After walking all around the Giant’s Causeway, we had lunch at the hotel restaurant on the property.  The menu featured a few things we couldn’t decipher (goujons, camps, floury bap) and Brian joked that we would probably understand the menu better if it had been written in Spanish.  Brian and I went with what we knew – Guinness and Irish stew.  Goujons, it turns out, are panko-breaded chicken pieces, and they soon became a staple of the boys’ diet on our trip.  Baby Kev was finally starting to feel a bit better and he ate two sugar cubes before his lunch arrived. 

After lunch we continued our drive along the Antrim Coast.  

Patrick and Danny spent a lot of road time arguing over whose side of the car had more cows and then regularly tried to change the rules of the game to their own favor.  “Windmills count as 10,000 cows.” “Sheep count as twenty-nineteen-ten cows.”  “Plants and flowers count as thirty-one hundred-million cows.”  This went on for hours.  Weeks, actually.

Our next stop was Dunluce Castle, a dramatic seaside estate perched high on cliffs.  Danny, knowing that at some point on our trip we’d be staying at a castle with my parents and siblings, asked us, “Is this the castle where we are going to stay with our cousins? This place doesn’t even have a roof!”  Patrick saw the castle ruins said, “This place is so, so, so cool!”  Finally, it was sunny and gorgeous after a fair amount of rain the previous few days.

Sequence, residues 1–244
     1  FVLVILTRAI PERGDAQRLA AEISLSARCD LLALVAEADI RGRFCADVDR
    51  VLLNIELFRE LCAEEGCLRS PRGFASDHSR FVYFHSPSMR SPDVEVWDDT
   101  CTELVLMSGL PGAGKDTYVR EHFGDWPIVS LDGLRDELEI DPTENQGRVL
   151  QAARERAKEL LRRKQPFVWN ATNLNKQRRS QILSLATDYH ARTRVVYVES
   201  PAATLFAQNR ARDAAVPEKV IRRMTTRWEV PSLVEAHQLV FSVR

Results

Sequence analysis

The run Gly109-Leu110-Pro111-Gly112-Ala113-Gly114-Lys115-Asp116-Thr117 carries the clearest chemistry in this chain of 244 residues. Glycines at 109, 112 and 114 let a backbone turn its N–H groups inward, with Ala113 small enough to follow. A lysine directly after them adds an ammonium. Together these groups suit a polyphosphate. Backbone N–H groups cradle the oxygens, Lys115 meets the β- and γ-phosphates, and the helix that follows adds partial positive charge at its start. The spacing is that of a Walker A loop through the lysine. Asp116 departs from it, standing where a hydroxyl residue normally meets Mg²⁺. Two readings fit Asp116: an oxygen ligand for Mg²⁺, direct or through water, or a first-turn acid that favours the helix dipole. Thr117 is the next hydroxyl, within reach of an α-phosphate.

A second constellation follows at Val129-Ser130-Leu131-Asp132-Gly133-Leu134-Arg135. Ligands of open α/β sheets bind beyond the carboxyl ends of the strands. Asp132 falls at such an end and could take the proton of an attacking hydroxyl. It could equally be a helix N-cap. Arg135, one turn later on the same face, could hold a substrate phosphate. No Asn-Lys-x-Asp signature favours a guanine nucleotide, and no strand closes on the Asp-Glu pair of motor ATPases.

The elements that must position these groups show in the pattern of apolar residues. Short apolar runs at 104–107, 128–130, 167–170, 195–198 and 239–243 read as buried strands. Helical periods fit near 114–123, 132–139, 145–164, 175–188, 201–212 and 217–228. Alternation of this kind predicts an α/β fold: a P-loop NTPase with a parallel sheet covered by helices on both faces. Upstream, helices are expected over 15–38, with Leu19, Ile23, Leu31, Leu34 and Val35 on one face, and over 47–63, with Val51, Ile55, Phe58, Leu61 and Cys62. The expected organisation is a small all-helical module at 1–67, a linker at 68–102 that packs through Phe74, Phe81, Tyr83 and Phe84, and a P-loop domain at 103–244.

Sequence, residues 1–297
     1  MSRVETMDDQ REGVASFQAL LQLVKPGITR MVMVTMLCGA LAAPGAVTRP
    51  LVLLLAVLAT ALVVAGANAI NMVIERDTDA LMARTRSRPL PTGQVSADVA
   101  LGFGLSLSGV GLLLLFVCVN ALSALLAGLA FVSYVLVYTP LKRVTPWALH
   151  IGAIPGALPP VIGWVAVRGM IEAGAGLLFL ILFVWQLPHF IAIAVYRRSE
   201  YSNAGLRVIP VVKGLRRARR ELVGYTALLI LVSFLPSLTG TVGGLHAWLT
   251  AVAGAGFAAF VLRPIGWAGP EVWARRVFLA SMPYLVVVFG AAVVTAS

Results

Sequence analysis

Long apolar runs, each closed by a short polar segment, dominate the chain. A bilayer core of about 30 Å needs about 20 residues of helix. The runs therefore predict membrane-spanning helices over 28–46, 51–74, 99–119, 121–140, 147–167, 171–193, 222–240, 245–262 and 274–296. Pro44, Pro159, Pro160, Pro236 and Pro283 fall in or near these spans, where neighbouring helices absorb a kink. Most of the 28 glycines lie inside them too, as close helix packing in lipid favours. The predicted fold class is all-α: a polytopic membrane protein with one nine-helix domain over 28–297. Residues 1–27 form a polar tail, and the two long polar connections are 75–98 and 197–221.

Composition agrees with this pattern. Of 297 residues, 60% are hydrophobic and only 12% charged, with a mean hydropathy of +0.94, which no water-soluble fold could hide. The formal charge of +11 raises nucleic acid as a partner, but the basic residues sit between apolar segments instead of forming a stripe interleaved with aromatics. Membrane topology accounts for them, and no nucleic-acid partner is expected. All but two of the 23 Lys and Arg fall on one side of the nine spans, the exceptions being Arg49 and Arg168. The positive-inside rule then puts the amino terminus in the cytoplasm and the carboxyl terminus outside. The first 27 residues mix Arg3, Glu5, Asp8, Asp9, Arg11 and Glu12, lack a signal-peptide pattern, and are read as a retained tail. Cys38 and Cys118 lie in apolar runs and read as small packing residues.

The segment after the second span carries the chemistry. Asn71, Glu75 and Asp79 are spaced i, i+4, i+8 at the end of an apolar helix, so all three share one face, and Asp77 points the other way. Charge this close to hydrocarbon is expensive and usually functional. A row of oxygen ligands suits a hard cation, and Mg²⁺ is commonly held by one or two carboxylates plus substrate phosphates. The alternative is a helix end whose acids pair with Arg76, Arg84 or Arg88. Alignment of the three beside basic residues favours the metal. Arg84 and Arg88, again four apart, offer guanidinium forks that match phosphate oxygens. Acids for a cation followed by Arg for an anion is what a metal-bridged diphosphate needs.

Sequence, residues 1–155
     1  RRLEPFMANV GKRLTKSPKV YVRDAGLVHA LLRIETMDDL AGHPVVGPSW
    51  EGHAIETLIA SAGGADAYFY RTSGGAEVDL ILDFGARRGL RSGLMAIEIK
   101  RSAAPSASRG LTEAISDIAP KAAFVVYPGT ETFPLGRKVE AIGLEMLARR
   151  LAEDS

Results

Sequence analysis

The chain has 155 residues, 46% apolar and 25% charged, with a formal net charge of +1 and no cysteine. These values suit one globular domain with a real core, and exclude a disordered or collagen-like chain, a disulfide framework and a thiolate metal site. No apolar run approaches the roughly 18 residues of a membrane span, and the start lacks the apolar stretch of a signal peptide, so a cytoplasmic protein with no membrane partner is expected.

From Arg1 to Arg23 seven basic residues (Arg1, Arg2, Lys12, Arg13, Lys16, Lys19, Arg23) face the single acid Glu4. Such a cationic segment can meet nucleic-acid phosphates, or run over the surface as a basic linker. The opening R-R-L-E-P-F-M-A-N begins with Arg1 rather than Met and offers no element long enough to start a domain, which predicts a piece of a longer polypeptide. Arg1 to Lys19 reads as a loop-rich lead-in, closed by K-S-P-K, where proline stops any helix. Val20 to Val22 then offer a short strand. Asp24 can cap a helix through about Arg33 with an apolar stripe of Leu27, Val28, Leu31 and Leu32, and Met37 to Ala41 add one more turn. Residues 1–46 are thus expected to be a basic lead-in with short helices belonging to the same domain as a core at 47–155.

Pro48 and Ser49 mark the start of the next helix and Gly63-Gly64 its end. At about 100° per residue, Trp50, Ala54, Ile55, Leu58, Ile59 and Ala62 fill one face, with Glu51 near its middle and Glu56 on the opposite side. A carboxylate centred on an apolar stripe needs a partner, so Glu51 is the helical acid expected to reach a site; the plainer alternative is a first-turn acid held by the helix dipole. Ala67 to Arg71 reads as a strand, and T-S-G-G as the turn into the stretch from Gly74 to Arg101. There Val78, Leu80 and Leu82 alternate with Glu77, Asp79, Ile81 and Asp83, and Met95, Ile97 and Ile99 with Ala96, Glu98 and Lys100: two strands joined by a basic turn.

Danny and Patrick had fun with the dress-up and pretending to do a little excavation in the welcome center.

It was a stunning property and in pretty good shape considering it was built around the year 1500.

The windows in the castle, especially the large two-story bay window, were really impressive.

Kevin was dead-set against us taking a nice family picture here.

Patrick and Danny were particularly interested in the remains of the old fireplaces.

We continued our drive and stopped at the Drumskinny Stone Circle for everyone to stretch their legs a bit.  All three boys enjoyed running around and climbing.

We spent the night at a B&B fishing lodge owned by an older couple who had four adult sons, one of whom died last year when a tree fell on him.  The B&B owners are now raising his kids.  The owners work all day on their farm and B&B, and then at night head to town to work at the restaurant/pub they own.  They sure work hard all day, every day.

We had dinner at the family’s pub.  Patrick and Danny were interested in Guinness.  Don’t worry- they didn’t actually drink any!  I had delicious salmon.

The next morning, we visited the Belleek Factory.  It is in Northern Ireland, just across the river from Ireland.  Do you see the Irish flag on the other side of the river?

Incredibly the boys touched and broke nothing in the Belleek store.  Patrick and Danny were both happy to be photographed next to a large Belleek statue of St. Patrick (only minor complaints from Danny about the lack of things named Daniel in the store).

Stay tuned as we continue on our journey heading back south to Ireland, towards Westport.